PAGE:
20. Now, we’ll need one of client workstations to install Ubuntu onto, mine is a Dell Optiplex 330. Ideally you’ll do this for all your different hardware to ensure the kernel is 100% compatible, but I also tested the same image and kernel with a Gateway e4300 and it worked fine. To save time, I used Ubuntu Minimal: https://help.ubuntu.com/community/Installation/MinimalCD This will keep things a little tidier as we build the thing. a. Note: The samba stuff below allows you to be able to copy the kernel, syslinux and the RAM image to a Windows machine. I needed this since I’m using WDS as the TFTP server. If you’re using a Linux TFTP server, you won’t need this, and a lot of the following can be done on the TFTP server (as long as it’s the same make and model of Linux), saving copying the files around. 21. After you get it installed and logged in, we need to install some stuff. a. sudo apt-get install syslinux samba samba-common 22. After that’s done crunching… a. sudo mkdir /share b. sudo nano /etc/samba/smb.conf 23. Add the following lines to smb.conf [incoming] comment = incoming writable = yes path = /share 24. Save and close the file, then restart Samba a. sudo service smb restart i. You should be able to open the share on your Windows box now. You won’t be able to copy anything to there, but it’s not important right now. 25. Now we edit the initramfs.conf file to tell Ubuntu what we’re doing. a. sudo nano /etc/initramfs-tools/initramfs.conf i. Change the ‘MODULES=most’ line to read ‘MODULES=netboot’ ii. Change the ‘BOOT=local’ line to read ‘BOOT=nfs’ iii. Save and close the file 26. Copy the kernel, syslinux and make a new RAM image a. sudo cp –r /boot/vmlinuz-`uname –r` /share i. Those are backticks (or a grave accent) around the uname –r. It shares the key with the tilde. b. sudo mkinitramfs –d /etc/initramfs-tools –o /share/initrd.img-`uname – r` `uname –r` i. Again with the backticks! c. sudo cp –r /usr/lib/syslinux/pxelinux.0 /share d. sudo cp –r /usr/lib/syslinux/menu.c32 /share 27. On your Windows WDS server, open the share and copy the vmlinuz, initrd, the pxelinux.0 and menu.c32 files somewhere handy. To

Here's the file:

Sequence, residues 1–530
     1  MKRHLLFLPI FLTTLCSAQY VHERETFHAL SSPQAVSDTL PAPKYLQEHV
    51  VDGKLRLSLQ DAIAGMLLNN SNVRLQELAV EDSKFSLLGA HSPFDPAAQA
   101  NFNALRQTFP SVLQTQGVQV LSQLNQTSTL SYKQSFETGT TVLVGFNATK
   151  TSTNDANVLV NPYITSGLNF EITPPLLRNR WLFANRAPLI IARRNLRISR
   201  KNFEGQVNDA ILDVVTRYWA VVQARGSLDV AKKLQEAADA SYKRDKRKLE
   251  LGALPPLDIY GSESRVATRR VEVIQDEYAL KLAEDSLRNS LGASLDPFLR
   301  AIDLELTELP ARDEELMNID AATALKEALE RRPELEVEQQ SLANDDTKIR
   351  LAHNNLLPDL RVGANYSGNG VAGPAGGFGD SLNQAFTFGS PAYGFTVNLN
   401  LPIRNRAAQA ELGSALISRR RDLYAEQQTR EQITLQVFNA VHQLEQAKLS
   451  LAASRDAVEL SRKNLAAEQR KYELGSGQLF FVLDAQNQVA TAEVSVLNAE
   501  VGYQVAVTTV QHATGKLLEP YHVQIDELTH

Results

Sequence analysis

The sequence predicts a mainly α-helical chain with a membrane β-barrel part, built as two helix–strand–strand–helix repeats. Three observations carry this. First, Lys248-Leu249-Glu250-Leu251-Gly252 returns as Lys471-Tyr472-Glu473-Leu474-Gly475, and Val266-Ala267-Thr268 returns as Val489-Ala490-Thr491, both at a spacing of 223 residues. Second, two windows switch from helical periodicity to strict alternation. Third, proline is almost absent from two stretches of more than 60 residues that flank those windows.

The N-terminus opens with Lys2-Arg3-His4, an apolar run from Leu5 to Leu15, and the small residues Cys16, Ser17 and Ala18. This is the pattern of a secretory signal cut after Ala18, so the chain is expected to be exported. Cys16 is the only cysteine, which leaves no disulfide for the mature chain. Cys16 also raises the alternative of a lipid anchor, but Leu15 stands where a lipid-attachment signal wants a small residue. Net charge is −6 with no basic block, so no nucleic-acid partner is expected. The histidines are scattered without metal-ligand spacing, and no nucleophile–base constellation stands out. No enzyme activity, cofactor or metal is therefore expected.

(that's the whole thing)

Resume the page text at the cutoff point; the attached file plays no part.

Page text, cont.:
keep this already epic HOWTO somewhat shorter, I’m going to refer to the syslinux-WDS website at the top. Instead of downloading the various syslinux files, though, use the files from the linux client system that you copied over. Your ‘default’ file (creates the PXE boot menu) will need an additional entry to point at the kernel and stuff. Mine looks like this: LABEL View Client MENU View Client KERNEL Linux/Ubuntu_12.04/vmlinuz-3.2.34 APPEND root=/dev/nfs nfsroot=192.168.10.102:/nfs initrd=Linux/Ubuntu_12.04/initrd.img-3.2.34 rw quiet The APPEND line needs to be on a single line. If everything is setup correctly, your workstations should now be able to PXE boot to the VMWare View client. There are a ton of tweaks that can be done to make things work differently, like removing desktop wallpapers, hiding menus, disabling right clicks, and there are about 10 different command line options just for the VMWare View Client.